In Gauntlet, Thanos makes good on his promise, and with a snap of his fingers the universe becomes overcrowded by half. As a result, not only does the Marvel Universe’s regular human population take a hit in numbers, but also many of its heroes. As if they were but an afterthought, such do-gooders as the Fantastic Four and most of X-Factor simply cease to be. The impending chaos resulting from the universal crisis leads Earth’s heroes to assemble to decide what to do about the threat Thanos poses. Led by Adam Warlock, Thanos’ one-time partner, Earth’s heroes and cosmic entities wage a full-scale assault on the mad god. However, when Warlock’s efforts fail, the only thing that might be able to stop Thanos is the villain himself.
One of my pervading memories of reading Gauntlet as a kid is the gorgeous art featured by George Perez. While the superstar penciler had made a name for himself on such comic book titles as The Avengers and The New Teen Titans, Gauntlet was my first exposure to the level of detail that Perez brought to the table. The man did not skimp on anything in his work, from the individual bricks found in Thanos’ floating palace to the pustules crisscrossing the face of the Titan’s granddaughter Nebula. The scope of writer Jim Starlin’s story would most likely not have been possible had any artist held the initial reins to the pencils of Gauntlet. While Perez would eventually have to acquiesce art chores to Ron Lim (no slouch in his own right) due to fatigue, the duo’s work on the book made the comic fan know he was reading something special.
The really notable thing about Gauntlet that I picked up upon rereading the tale is how much Starlin had to say about the nature of self, being aware of that inner self, and how everyone—using Thanos as proxy—sometimes has a tendency to be their own worst enemies. We chase after what we think we want, putting aside good sense and reason in our quest to attain what we desire, only to ultimately be tripped up for our efforts. In attempting to please Mistress Death, Thanos becomes intoxicated with power and, upon attaining that power, loses it almost as quickly as it was won. After Thanos loses his deity status, Warlock points out to him that, time and again, Thanos gains power, only to let it slip through his grasp because, ultimately, Thanos knows he is not worthy of it. Starlin seems to want to say that sometimes our own subconscious can undermine what we think we want. How many relationships and goals have been rent asunder because of how we undercut our own efforts?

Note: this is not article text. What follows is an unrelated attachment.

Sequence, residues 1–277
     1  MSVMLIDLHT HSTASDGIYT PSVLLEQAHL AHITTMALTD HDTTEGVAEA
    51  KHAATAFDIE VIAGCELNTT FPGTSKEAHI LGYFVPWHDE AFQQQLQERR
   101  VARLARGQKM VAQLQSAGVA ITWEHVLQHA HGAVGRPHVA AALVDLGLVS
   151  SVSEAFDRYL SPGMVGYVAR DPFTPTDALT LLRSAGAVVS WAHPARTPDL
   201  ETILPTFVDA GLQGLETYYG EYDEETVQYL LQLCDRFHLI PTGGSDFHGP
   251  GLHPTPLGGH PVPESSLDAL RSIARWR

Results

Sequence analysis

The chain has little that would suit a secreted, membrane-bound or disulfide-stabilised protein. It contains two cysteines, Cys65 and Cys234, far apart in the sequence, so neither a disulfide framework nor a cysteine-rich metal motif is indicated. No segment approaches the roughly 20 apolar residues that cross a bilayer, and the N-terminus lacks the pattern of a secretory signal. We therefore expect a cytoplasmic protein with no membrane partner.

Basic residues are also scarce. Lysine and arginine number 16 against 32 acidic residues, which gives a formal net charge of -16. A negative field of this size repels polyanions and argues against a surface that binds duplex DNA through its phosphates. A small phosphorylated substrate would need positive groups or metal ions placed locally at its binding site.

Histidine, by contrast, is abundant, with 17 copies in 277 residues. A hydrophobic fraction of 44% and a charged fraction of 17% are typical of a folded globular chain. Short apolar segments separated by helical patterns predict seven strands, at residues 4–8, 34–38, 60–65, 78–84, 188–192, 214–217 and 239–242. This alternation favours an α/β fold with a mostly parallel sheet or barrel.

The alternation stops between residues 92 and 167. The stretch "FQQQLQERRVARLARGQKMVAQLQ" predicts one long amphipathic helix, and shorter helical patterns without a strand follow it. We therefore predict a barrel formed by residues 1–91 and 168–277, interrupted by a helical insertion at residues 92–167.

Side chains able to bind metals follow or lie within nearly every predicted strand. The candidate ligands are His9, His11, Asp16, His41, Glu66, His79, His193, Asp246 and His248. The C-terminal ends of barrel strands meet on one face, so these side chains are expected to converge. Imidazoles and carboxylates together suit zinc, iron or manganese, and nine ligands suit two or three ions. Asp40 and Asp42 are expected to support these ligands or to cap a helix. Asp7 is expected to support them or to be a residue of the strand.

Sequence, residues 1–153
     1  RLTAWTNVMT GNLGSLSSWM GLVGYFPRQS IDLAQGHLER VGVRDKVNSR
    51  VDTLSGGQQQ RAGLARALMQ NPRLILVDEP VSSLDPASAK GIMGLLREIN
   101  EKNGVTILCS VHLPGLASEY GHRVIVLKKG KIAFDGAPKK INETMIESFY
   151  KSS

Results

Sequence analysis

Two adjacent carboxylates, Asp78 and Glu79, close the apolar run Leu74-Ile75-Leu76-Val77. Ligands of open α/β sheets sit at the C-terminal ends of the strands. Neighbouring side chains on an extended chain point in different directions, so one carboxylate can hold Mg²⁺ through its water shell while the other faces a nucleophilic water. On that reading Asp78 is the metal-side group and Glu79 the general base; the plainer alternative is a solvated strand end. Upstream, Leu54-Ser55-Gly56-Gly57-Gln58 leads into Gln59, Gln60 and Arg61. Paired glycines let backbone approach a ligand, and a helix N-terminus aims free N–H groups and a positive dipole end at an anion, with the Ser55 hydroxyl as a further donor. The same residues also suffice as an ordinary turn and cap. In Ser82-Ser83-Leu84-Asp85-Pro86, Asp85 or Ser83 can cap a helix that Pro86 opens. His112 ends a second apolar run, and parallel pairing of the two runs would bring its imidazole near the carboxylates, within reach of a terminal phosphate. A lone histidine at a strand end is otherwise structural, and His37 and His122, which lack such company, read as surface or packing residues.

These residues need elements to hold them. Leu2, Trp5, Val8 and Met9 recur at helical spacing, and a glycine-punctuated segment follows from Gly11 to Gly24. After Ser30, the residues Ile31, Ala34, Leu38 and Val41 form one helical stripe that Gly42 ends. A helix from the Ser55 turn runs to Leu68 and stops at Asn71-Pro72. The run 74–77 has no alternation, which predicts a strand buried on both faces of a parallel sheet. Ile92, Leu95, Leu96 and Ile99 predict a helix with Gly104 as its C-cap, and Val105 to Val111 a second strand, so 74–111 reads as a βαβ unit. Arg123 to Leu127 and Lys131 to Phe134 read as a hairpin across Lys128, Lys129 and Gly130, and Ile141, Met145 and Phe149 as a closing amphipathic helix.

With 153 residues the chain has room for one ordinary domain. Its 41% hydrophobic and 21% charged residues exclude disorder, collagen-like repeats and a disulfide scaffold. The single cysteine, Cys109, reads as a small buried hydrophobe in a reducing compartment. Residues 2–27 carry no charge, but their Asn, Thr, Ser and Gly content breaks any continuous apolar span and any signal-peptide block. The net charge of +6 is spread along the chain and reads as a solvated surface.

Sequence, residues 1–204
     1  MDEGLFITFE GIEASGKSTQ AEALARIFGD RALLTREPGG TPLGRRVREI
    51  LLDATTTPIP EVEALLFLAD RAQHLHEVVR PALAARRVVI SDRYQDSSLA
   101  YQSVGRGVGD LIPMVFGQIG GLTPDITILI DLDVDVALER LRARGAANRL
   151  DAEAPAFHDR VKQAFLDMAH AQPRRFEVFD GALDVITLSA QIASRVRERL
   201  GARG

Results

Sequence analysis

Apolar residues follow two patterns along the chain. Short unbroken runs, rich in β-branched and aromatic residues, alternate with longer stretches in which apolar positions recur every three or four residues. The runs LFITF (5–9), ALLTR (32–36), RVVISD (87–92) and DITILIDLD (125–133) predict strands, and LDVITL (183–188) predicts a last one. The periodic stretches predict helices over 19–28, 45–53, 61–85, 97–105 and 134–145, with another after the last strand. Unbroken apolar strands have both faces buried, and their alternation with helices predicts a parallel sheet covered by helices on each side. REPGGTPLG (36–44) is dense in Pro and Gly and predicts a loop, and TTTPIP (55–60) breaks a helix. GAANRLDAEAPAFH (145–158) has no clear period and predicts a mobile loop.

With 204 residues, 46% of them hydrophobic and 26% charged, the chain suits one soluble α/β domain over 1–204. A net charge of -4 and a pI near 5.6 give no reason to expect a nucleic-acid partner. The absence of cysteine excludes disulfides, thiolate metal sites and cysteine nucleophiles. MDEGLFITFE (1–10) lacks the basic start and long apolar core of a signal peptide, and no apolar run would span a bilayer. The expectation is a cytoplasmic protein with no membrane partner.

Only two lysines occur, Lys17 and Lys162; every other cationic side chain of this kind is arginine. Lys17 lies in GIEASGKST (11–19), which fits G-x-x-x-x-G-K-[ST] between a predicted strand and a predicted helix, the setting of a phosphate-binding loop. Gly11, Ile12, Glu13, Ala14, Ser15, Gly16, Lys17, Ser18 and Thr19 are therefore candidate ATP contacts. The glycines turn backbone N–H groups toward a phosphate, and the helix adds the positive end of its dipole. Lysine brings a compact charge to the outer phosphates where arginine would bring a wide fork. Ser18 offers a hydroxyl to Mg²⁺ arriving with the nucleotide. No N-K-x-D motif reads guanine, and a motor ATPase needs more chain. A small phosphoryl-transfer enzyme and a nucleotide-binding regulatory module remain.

A couple of other highlights to the tale include the roles of Mephisto, Marvel’s version of the Devil, and Adam Warlock. Throughout the tale, Mephisto stays at Thanos’ side, acting as a sycophantic advisor to the new god. His role mirrors that of Iago from Shakespeare’s Othello, subtly manipulating Thanos until the time is right to seize the power of the Infinity Gauntlet for himself. Likewise, Warlock uses his silver tongue to shift Thanos’ movements to his own ends. For all the power that was exerted from all parties, for all the sound and fury of the battles against the Mad Titan, what really influenced the affair was wordplay and manipulation.
Prior to the two-part Avengers: Infinity War films a few years down the line, do yourself a favor and check out The Infinity Gauntlet in paperback. While the beauty of the story is candy for the eye-holes, the brilliance of the story comes from what we can glean about human nature and how we can trip ourselves up by our own hands. Tune in next week as I throw the spotlight on one of my childhood favorites: Calvin & Hobbes.